KANDAHAR AIRFIELD, Afghanistan, July 21, 2011 -- Residents in Helmand and Kandahar provinces will get some improvement in the amount of electricity they receive, thanks to an interim measure designed to reduce the number of daily circuit interruptions occurring at the Kajaki Dam power house on the Helmand River.

While residents will see the results of the interim measure -- the installation of a primary switch center -- Da Afghanistan Breshna Sherkat, or DABS, will benefit from fewer shutdowns that cause wear and tear on the turbines generating this power. DABS is the Afghan utility power company.

The net result is twofold: more electricity for citizens and a prolonged lifespan for the two turbines.

Kajaki Dam has long been recognized as the source for sustainable and renewable power for Helmand and Kandahar provinces. Afghanistan and U.S. agencies are partnering to increase power generation and distribution over the next three years; part of the solution lies in installing a third turbine at the Kajaki power house and making other electrical repairs.

Recognizing the need to make immediate fixes until the longer term projects are complete, International Security Assistance Force Regional Command Southwest asked DABS what could be done quickly to provide the most benefit, according to Jim Murray, project manager for power, U.S. Army Corps of Engineers Afghanistan Engineer District-South, or AED-South.

The answer was feeder circuit protection for the turbines.

SWITCH CENTER INSTALLED TO ABSORB FAULTS

On July 11, technicians from DABS and AED-South finished a nine-day project that will reduce the number of faults -- electrical overloads and shorts -- causing the turbines to shut down.

“The new primary switch center will absorb many of the faults, so they won’t make their way to the turbines and shut them down,” Murray said. “When the switch center trips, the DABS operator resets the switch, which takes about 15 minutes, but the turbines remain operating. Previously, when the turbines shut down because of faults, the operators had to synchronize both of them to bring them back on line; this process generally took about an hour each time.”

“Resetting the switch center is similar to resetting a circuit breaker in your home electrical panel when the circuit breaker has tripped, though on a much larger scale,” Murray said.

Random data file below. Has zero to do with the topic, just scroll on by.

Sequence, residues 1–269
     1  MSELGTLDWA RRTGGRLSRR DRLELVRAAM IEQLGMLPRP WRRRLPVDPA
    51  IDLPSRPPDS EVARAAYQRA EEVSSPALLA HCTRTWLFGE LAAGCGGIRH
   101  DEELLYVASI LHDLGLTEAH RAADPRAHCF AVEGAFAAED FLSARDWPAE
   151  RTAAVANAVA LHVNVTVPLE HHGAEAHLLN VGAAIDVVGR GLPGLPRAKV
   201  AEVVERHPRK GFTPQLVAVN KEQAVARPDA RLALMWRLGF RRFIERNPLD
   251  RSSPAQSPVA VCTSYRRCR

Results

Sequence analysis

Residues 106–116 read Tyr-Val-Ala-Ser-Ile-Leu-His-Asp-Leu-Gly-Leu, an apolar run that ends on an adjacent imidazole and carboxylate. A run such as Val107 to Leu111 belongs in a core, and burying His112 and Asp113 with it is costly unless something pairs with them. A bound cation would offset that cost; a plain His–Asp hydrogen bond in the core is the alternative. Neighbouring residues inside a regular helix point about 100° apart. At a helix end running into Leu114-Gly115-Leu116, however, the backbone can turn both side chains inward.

Chief Warrant Officer 5 Thomas Black and his team of power specialists -- Staff Sgt. Alex Brown, Sgt. Terry Dietrick and Sgt. Joshua Strausbaugh -- worked with DABS to install the switch center. Black is deputy commander of Task Force Breshna Barq, a unit within AED-South charged with providing engineering and construction services to support projects for the Southern Electrical Power System which serves the Kandahar, Helmand and Uruzgan provinces. The power specialists are from the 249th Engineer Battalion (Prime Power).

“The switch center has measures that will protect the turbines,” Dietrick said. “It’s costly to repair or replace them, so the longer you can extend their life, the better.”

FAULTS IN THE TRANSMISSION LINES

The Kajaki power house distributes electricity through two lines: a 13.8kV line that transmits to Tangi and Kajaki villages and a 110kV line that transmits to Lashkar Gah and Kandahar City. Most of the faults occur in the 13.8kV line because of two failing circuit breakers that could not protect the turbines from faults. The new switch center replaces these circuit breakers.

DABS power house operators told Black that circuit interruptions on the 13.8kV line occurred as many as 10 times a day before the switch center was installed, thus shutting down the turbines. Consequently, no power was distributed over either line until the turbines were powered up again.